It actually addresses much more than the drug trade, and it discusses all the topics you addressed, but what I think is the key take away is how crime and corruption have changed the nature of the conflict over time. Not unique to Afghanistan, but this is a well written paper with numerous source quotes.

Bill

Bill Moore
01-10-2011, 07:51 PM
Our aid money funds much of the corruption as noted in the paper, and many of the SWJ contributers have pointed that out in other threads.

slapout9
01-10-2011, 08:31 PM
In addition to the gross financial figures (300 million bucks and counting)

300 million:eek:that's nothing but lunch money to these guys.....serious underestimate IMO.

slapout9
01-10-2011, 08:34 PM
Mexico is closer, but Afghanistan is likely much larger. Particularly as now I believe that more South American illegal drug business flows across the Atlantic and up into Europe than flows up Latin America through Mexico and into the US.

Last night 60 minutes had a short piece on Mexico with an interesting quote by the current or former Attorney General. All of Mexico is at war with the Cartels.......and the Cartels do not follow any rules! There is a lesson there;)

Brihard
01-11-2011, 01:04 AM
Gotta quickly say, thanks for this awesome resource. I have an assignment later this semester about the strategic ramifications of the opium trade, and this fills in a side of the issue that I've not got much grounding in yet. Much appreciated!

JMA
01-11-2011, 08:21 AM
http://ctc.usma.edu/crime_and_insurgency.pdf

Bob,

Sorry the link didn't work, it worked for me? I reposted it in hopes that continuing to slam my head against the brick wall will eventually move it. :D

It actually addresses much more than the drug trade, and it discusses all the topics you addressed, but what I think is the key take away is how crime and corruption have changed the nature of the conflict over time. Not unique to Afghanistan, but this is a well written paper with numerous source quotes.

Bill

A while ago in a thread here the issue of ISAF allowing poppy growing to continue was discussed. There were few of us indeed who opposed the "poor" Afghan farmer being allowed to earn his living from growing poppies.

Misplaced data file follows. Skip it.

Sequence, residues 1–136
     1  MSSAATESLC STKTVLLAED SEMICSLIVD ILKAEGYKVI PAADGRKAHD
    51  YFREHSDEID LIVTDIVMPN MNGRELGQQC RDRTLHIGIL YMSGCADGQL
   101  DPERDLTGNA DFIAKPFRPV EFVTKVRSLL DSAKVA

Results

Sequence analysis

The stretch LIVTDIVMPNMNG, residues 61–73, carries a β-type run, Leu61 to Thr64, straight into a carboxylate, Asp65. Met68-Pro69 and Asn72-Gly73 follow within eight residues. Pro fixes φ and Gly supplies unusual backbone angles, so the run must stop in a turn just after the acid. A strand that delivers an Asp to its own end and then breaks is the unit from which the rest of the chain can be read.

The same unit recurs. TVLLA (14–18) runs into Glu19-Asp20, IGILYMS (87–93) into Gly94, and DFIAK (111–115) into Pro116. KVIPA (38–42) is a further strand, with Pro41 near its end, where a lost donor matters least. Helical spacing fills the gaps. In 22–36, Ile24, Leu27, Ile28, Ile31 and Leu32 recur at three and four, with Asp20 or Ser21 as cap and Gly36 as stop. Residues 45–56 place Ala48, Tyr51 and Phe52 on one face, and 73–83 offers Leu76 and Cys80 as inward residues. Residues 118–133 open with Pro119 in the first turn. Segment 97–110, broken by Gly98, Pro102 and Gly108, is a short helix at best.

It is increasingly important to investigate the poppy/opium/heroin/drug policies of ISAF over the years to establish who was involved in this incompetent decision making and look into possible corruption among foreign civilian/diplomatic/military staff. Not a pleasant thought, but a necessary action IMHO.

davidbfpo
01-11-2011, 08:53 AM
Readers should be aware - Brihard's post prompted this - that there are other threads that comment / debate the issues, notably in the Afghan context. Starting way back in 2006 'Afghanistan's Drug Problem':http://council.smallwarsjournal.com/showthread.php?t=1234; 'Cops Show Marines How To Take On Taliban':http://council.smallwarsjournal.com/showthread.php?t=10895

The author of this CTC report is Gretchen Peters, whose expertise has been challenged before in her book 'Seeds of Terror: How Heroin is Bankrolling the Taliban and Al Qaeda'.

New SWC members may gain from sampling the author's own website: http://gretchenpeters.org/; and a critical review of her book: http://www.registan.net/index.php/20...etchen-peters/ She responds at length to this on her blogsite.

Stan
01-11-2011, 03:56 PM
300 million:eek:that's nothing but lunch money to these guys.....serious underestimate IMO.

Slap,
Sorry for any confusion with that figure in my post above. The 300 million is just what the Afghanistan drug users spend (locally) !


Overall, the survey estimates (http://www.unodc.org/documents/data-and-analysis/Studies/Afghan-Drug-Survey-2009-Executive-Summary-web.pdf) that drug users in Afghanistan spend on
average $300 million US on their drug habit every year.

JMA
01-11-2011, 08:03 PM
AFGHANISTAN REPORT 8
Counterinsurgency in Helmand (http://www.understandingwar.org/files/Afghanistan_Report_8_web.pdf)
Jeffrey Dressler

Its funny how long it takes for some to see and understand reality.

A read of this report with specific regard to the narcotics aspect of the Helmand Operation gives one insight into a strategy and plan as poor as that of the Bay of Pigs disaster.

And just when it was thought that it was the corrupt officials who were blocking the poppy eradication efforts we read:


... the marines have also been instrumental in curbing governor Mangalís desire to greatly expand eradication efforts, as they fear this could provoke widespread alienation and discontent amongst helmandís farming populace.

The mind positively boggles...

J Wolfsberger
01-11-2011, 08:26 PM
I'll have to wait on reading the paper. Here is one immediate thought on the general topic.

Both the wind down of hostilities in Northern Ireland and the success of the Columbians against FARC led the IRA and FARC to branch out into organized crime, specifically the drug trade. Could there be a pattern here?